Congratulations to RGCL PhD student Najah Albaqawi for giving a presentation at the PARLAY Doctoral Consortium on 2nd September 2016, titled: “An Investigation into Morpho-syntactic Simplification in the Structure of Gulf Pidgin Arabic in Saudi Arabia”. Continue reading
Dr Michael Oakes has co-edited a new book which introduces the latest advances in Corpus-Based Translation Studies (CBTS), a thriving subfield of Translation Studies which forms an important part of both translator training and empirical translation research. Continue reading
Yesterday we had the pleasure of welcoming ITV Central News to RGCL to interview PhD student Victoria Yaneva, and Elisabeth Hurley from Autism West Midlands about AUTOR. Continue reading
AUTOR features on the Care Appointments news site, the go to site for careers advice, industry news, books, reports & research plus the latest job opportunities across UK social care.
Read the full article here.
Read the article on page 4 here http://bit.ly/2b9X2HW
Article date: Wednesday 27 July 2016
Innovative new technology is being developed by researchers to help people with autism read and understand text better. Continue reading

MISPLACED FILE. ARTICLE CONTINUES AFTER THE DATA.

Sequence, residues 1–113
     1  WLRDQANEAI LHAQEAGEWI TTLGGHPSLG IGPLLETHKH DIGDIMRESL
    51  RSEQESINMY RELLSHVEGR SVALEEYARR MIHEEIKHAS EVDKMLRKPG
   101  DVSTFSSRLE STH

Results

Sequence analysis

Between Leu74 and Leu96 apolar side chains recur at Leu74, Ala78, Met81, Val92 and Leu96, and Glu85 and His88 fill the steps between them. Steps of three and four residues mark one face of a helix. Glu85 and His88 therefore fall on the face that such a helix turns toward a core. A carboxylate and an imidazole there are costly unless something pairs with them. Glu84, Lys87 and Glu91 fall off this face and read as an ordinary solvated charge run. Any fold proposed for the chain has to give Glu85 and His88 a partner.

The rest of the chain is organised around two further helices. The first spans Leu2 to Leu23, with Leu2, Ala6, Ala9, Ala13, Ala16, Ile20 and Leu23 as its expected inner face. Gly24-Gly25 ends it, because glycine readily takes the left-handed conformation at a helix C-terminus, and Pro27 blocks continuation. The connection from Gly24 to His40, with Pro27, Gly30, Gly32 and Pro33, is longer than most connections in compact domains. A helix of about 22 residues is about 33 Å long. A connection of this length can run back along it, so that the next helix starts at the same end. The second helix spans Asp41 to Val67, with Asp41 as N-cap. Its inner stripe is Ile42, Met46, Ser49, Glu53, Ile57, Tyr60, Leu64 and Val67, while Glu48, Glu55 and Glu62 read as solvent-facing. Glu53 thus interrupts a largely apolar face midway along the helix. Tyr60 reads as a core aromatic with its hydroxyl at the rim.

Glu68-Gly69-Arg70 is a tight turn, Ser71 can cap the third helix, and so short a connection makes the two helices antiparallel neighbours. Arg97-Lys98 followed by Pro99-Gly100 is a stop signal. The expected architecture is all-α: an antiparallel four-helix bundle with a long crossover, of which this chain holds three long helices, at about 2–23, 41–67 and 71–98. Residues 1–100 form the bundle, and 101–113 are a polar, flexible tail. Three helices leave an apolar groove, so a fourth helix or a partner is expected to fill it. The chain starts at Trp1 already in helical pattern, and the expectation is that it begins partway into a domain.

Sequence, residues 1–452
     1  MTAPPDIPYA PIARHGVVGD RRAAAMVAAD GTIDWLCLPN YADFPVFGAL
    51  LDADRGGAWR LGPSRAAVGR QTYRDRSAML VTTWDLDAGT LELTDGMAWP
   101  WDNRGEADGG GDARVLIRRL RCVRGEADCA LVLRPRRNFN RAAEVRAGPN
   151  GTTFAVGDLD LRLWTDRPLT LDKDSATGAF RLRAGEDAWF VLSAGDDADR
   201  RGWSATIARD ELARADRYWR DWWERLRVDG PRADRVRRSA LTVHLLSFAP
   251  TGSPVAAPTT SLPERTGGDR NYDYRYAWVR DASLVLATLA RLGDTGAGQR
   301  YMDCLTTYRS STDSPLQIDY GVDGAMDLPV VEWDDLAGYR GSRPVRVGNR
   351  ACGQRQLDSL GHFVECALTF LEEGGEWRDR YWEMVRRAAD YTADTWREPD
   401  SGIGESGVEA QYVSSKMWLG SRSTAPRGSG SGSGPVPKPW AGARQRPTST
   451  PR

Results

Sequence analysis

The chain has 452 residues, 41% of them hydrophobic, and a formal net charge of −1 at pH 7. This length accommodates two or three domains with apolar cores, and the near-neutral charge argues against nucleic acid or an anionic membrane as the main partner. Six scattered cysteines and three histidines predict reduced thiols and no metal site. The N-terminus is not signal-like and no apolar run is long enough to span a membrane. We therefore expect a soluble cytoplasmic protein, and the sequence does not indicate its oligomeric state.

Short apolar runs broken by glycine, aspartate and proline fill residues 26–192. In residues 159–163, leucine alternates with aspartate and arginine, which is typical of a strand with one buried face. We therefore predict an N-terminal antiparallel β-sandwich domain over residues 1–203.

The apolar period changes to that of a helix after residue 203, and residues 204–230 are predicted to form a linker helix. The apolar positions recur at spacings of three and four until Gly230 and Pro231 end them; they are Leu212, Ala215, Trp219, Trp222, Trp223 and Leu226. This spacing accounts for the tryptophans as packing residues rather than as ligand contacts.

PhD student Victoria Yaneva recently showcased the work of the University’s Research Group in Computational Linguistics (RGCL) and her own research into improving reading for people with autism at the TEDx Brum event at the Town Hall, Birmingham.
The TEDx Program is designed to help communities, organisations and individuals to spark conversation and connection through local TED-like experiences; TEDx events – often with a live presenters and TED Talks videos – are inspirational, prestigious to speak at and well regarded internationally. Continue reading
With the 21st Century known as the age of information, access to knowledge can change our lives in so many ways. Yet comprehension difficulties are a core characteristic of those on the autistic spectrum, making extracting meaning a distinct challenge. Victoria Yaneva outlines how technology can help bridge these differences in learning, by building upon the strengths of those with autism rather than focusing on weaknesses. Continue reading